James Lawton: Money is Blatter's oxygen and only sponsors can cut supply

Sooner rather than later it will be pointed out that a shoddy image is going to be deemed untenable by those who care more about their product than football
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The Independent Football

Sepp Blatter wanted to know, "What crisis?" He knows now in the lingua franca of his scandal-raddled Fifa: the language of money.

It is being spoken not by the Football Association, so suddenly caught up in a bout of selective morality, or various sports ministers seizing on a no-risk issue, but the only people with a chance of breaking the glacial indifference of the president of world football's governing body to all charges of corruption.

The men who control so much of Fifa's revenue in the offices of sponsors like Coca Cola, Emirates airlines, Adidas and Visa are now coming out of the corporate woodwork.

There are no ultimatums, not yet, but a rising volume of concern and dissatisfaction guaranteed to bring a cold sweat to the man who has ruled international football for 13 years – and who today in Zurich expects to be voted by acclamation into another four years.

The FA, who so recently were attempting to stifle investigations into Fifa corruption, are urging fellow national associations to vote down Blatter but almost everyone else knows they might just as well campaign for a world government.

It is only the sponsors who can hurt Blatter in any way he might readily recognise.

He has had plenty of time to make his alliances, and stitch up anyone with the nerve to challenge his power, but it is not an inexpensive exercise. Money is Blatter's oxygen, of course, and now for the first time there are clear indications that if it isn't immediately imperilled, sooner rather than later it will be pointed out that a progressively shoddy image is going to be deemed untenable by those who care more passionately about their product than the world's most popular game.

So far the sponsorship pressure is relatively low-key. There is public confidence that Blatter can find a way out of his corner. Privately, there is a growing sense of contributing to a disaster fund.

One of the first alarms has come from Coca Cola's Atlanta headquarters and there is a good reason for this. The company's huge resources are widely believed to have been crucial in tempting the 1996 Olympics to Atlanta rather than Athens, the favourite choice of all those who wanted to see the centenary of the modern Games in the place of its birth.

The consequence was a public relations disaster. Atlanta was derided as an ultimate example of the greening of sport, a pursuit of profit that put the prestigious magazine Sports Illustrated in mind of a cheap bazaar.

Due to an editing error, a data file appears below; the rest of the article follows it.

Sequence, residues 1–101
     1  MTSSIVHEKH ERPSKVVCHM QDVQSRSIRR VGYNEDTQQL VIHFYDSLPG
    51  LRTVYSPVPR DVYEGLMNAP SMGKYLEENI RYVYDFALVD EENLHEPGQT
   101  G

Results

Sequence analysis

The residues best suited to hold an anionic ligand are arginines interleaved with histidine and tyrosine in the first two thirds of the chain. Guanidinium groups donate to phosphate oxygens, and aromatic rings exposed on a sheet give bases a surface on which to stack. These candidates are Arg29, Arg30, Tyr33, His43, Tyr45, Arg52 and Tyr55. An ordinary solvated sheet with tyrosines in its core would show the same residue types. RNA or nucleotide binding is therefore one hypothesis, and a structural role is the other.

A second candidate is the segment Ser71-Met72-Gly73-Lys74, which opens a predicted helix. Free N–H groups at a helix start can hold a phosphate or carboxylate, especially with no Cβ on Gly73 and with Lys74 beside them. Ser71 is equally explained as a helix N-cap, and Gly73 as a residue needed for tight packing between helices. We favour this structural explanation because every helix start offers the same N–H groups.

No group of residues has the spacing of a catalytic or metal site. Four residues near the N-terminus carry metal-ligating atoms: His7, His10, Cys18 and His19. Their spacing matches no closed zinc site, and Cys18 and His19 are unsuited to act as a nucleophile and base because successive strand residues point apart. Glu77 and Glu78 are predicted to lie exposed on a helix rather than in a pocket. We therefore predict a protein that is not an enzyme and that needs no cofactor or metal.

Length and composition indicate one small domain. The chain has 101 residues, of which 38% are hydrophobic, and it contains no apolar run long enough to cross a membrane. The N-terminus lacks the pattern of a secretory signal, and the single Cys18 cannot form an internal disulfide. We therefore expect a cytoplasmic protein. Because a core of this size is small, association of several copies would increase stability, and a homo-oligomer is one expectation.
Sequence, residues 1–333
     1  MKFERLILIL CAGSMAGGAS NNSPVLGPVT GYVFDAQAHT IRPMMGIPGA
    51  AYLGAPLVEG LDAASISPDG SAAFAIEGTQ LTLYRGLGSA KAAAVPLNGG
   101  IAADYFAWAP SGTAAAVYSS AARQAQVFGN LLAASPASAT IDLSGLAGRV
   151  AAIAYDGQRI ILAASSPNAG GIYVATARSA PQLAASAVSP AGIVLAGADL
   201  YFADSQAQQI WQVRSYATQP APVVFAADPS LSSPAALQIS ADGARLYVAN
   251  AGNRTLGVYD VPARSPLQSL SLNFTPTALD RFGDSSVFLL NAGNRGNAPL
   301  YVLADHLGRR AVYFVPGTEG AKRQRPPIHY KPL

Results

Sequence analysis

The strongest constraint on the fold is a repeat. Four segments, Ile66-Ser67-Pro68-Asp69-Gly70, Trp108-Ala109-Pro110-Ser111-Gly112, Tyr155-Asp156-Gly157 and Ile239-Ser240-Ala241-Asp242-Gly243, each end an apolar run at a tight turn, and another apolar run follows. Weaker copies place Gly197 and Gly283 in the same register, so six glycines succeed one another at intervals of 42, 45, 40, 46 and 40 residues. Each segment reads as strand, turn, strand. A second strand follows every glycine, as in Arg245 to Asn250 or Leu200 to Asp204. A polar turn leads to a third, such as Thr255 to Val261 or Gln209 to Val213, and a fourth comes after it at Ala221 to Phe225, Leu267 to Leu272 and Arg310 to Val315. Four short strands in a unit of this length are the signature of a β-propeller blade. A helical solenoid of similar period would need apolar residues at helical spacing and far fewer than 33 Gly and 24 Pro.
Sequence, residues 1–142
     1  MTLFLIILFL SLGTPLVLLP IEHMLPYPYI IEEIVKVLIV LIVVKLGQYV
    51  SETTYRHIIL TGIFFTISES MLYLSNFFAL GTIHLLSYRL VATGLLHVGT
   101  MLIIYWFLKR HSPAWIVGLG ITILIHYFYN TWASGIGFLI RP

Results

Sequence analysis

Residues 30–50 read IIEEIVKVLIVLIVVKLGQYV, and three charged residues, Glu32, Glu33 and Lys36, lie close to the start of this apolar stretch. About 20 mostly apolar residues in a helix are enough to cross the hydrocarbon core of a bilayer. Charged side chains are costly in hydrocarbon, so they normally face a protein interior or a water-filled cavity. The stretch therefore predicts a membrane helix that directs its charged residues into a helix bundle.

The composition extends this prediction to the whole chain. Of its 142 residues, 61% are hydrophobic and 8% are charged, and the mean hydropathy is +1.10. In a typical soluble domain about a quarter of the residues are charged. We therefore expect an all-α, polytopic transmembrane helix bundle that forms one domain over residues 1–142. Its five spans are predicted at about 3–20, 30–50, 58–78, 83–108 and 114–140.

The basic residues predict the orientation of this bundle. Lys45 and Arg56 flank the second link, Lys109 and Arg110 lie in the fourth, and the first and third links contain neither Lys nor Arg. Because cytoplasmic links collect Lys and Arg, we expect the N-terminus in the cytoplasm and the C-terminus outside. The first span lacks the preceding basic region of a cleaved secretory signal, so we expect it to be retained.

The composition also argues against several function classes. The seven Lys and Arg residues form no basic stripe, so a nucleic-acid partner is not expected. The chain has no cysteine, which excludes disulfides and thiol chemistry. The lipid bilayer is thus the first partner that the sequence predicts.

Within a few years the Olympics were in danger of breaking apart with a barrage of claims that the Winter Olympics of Salt Lake City in 1992 had been bought. Ten members of the International Olympic Committee were expelled, 10 were censured and from that point the Olympics realised something that still appears beyond the comprehension of the rulers of Fifa despite the mounting allegations about Qatar's successful bid for the 2022 World Cup.

It was that sooner or later even an event as celebrated and compelling as the Olympics had the capacity to destroy itself. In Salt Lake that message was underpinned by several stories of bribes that included free skiing trips, college scholarships, Super Bowl tickets and even plastic surgery.

The IOC, faced with the disquiet of sponsors, realised it had to change or die. A new transparency was not an ethical priority but a basic business consideration. The tentacles went far beyond the Salt Lake bid. It was found that Nagano, who beat Salt Lake in the bidding for 1998, had also lavished entertainment and gifts on IOC voters on a budget that stretched into millions of dollars.

IOC president, Juan Antonio Samaranch, an earlier Blatter model with Fascist leanings, fought a desperate battle to maintain his long-established power but it was one of much greater subtlety than his football counterpart has yet to produce.

Blatter may now be contemplating a similar challenge; not an epiphany but a gut instinct for survival. The alternative, under the pressure of discontented sponsors, may be the one provided for Samaranch by the organisers of the Nagano games when they handed him a rather expensive Samurai sword.

Samaranch was skilful enough not to have to fall on it. In the case of Blatter there may be no such guarantee.

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